Some of the characters in the film I recall from my childhood. There is the lovely Alice Liddell (Mia Wasikowska), no longer a child, but a beautiful young woman of marriageable age; the Cheshire Cat (Stephen Fry), who appears and disappears while sporting an evil, extra-toothsome grin and fluorescent body stripes; the Red Queen (Helen Bonham Carter), who has an exceedingly large head with red-yarn hair perched on it, as well as a tiny outline of a heart in lipstick on her mouth; and the White Queen (Anne Hathaway), with deathly grayish skin, dark eyes, thick dark eyebrows, and a black mouth. One actor (Matt Lucas) voices the rotund twins Tweedledum and Tweedledee. The White Rabbit (Michael Sheen), Blue Caterpillar (Alan Rickman) and Dormouse (Barbara Windsor) are well conceived.
Then, there is the matter of the Mad Hatter (Johnny Depp). This dashingly handsome actor is transformed into a flame-haired, pale-skinned carnival oddity with bulging green eyes that reveal two different pupil sizes. I understand that might be a sign of brain damage should a doctor ever be called to diagnose it. Looking at and listening to Johnny Depp are particularly irritating in the movie. It isn’t the accent, because I’m fine with both British English and a Scottish brogue. What comes out of Depp’s mouth is somehow a contrived and coarse conversation with a generous lack of coherence and cohesiveness. At one point, I wanted a copy of the script so I could follow it with my pen/light – or maybe a DVD with “closed captioning” might do it.
Most of the main characters are computer-generated or at least computer-aided. Costume design and make-up are very original, but rather odd and grotesque at the same time. The film is crammed with cloying hues undiscovered by Crayola. I found myself queasy due to the 3-D glasses, and when the story heads down the rabbit hole into “Underland” – nausea erupted more than once. I watched most of the beginning, dashed out for a Diet Coke so I could resume watching until the end. I found myself struggling to find anything but a big fat race with about as much involvement as a child’s computer game. Whose fault is that?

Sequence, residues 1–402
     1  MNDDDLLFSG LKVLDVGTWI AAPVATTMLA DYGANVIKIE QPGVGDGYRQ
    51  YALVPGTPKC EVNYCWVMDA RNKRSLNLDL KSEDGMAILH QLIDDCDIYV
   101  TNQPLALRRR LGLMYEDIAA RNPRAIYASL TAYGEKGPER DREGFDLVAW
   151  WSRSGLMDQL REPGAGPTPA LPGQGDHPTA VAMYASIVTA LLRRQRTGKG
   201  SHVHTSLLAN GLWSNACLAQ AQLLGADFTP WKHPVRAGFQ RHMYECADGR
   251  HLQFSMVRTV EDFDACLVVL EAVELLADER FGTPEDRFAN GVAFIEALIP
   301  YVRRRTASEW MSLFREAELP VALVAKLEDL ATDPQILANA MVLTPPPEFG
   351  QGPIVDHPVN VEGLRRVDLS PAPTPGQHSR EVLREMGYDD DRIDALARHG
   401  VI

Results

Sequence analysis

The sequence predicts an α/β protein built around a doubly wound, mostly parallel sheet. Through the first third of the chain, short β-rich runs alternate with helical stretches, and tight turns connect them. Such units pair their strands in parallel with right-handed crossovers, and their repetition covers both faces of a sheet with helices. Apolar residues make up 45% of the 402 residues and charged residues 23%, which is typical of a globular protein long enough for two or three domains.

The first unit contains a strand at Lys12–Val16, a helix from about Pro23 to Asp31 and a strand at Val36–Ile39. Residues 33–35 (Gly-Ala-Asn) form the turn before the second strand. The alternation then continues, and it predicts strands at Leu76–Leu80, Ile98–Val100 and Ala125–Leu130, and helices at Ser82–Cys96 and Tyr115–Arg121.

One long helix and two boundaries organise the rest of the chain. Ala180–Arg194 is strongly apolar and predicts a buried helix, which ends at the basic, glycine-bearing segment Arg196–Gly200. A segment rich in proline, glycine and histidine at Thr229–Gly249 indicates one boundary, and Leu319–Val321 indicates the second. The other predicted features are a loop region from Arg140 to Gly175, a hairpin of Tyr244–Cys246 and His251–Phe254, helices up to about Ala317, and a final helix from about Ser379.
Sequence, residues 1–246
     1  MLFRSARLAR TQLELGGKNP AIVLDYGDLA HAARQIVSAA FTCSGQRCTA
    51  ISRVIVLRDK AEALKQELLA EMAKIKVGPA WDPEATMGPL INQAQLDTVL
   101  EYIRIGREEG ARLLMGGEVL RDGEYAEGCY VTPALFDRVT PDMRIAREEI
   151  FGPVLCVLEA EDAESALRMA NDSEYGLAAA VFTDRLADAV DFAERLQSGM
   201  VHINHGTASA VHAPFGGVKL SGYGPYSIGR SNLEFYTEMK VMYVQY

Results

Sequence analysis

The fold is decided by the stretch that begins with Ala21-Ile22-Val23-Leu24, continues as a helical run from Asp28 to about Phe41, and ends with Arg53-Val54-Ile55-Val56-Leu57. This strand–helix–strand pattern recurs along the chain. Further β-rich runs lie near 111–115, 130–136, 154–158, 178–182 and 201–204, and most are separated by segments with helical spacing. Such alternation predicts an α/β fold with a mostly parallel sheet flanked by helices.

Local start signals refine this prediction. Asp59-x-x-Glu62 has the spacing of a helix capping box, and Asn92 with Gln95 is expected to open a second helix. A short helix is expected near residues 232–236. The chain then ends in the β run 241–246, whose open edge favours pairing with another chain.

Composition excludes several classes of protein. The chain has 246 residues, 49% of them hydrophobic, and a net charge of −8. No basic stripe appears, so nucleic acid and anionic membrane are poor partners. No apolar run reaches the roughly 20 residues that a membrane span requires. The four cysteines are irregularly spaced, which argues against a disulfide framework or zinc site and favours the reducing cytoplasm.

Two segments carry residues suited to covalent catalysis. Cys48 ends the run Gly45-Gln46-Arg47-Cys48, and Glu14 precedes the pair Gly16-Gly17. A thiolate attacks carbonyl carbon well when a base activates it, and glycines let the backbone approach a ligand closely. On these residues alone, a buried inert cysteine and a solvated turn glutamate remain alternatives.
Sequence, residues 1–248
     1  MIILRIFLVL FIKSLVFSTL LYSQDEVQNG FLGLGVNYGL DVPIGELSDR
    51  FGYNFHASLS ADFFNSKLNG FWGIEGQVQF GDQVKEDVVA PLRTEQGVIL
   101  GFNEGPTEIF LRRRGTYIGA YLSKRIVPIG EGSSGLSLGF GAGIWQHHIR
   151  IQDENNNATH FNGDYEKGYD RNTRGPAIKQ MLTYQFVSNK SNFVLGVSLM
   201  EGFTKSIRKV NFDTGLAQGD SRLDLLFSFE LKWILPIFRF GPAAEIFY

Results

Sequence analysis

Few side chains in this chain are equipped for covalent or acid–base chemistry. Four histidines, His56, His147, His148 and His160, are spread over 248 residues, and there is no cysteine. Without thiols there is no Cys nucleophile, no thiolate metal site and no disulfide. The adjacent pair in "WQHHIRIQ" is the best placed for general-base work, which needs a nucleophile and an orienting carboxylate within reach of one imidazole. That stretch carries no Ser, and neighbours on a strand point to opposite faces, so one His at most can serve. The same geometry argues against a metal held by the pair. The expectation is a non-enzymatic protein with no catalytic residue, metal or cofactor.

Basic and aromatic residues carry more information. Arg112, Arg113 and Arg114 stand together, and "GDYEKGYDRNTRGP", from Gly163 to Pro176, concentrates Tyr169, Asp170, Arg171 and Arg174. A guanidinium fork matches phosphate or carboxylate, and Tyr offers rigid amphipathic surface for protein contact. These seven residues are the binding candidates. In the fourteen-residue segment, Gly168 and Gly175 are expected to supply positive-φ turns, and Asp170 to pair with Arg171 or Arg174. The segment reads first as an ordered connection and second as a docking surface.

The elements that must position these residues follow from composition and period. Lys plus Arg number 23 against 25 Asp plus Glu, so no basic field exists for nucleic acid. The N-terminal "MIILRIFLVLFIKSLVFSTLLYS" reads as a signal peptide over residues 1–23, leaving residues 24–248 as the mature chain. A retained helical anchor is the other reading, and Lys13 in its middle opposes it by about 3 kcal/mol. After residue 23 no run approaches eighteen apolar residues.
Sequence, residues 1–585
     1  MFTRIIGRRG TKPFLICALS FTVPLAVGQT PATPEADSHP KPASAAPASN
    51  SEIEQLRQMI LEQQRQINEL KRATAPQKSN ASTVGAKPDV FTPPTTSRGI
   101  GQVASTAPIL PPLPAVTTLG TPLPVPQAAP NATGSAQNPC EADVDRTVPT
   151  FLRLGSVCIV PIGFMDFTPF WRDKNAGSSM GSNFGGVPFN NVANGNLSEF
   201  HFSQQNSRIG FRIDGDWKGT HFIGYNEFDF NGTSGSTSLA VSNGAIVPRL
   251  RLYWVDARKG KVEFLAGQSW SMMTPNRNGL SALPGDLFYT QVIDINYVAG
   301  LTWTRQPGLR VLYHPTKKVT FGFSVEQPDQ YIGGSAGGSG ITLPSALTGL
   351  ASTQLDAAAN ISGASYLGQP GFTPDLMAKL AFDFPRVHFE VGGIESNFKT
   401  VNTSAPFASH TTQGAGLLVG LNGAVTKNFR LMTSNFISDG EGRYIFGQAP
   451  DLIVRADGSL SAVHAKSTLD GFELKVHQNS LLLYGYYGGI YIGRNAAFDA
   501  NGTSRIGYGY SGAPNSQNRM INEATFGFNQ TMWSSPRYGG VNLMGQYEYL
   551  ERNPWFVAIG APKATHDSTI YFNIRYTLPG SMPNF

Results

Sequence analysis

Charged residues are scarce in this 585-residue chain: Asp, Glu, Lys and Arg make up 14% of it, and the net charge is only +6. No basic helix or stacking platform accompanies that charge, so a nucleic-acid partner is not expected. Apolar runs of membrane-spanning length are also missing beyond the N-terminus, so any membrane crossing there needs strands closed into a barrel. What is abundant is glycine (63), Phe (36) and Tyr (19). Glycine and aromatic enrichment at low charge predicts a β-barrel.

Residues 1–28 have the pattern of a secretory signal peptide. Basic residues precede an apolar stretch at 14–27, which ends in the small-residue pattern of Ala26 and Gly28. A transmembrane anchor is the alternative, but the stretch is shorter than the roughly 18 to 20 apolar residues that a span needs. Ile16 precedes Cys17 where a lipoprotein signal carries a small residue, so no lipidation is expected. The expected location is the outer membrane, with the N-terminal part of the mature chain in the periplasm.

Is there a central theme? Not really. The original works were parodies on the English class system and people in the British government. Nothing like that rings true here. There’s about 20 minutes of flagrant feminism at the beginning – as a young woman doesn’t want to marry the man who has been chosen for her. So she chooses another path… But wait! That seems to include going down that same rabbit hole for perhaps the third time to revisit things she remembers from her dreams. At the end, after a tantalizing tangle with a monster, the Jabberwocky (Christopher Lee), Alice decides she wants to go to China!
Thursday, February 4, 2010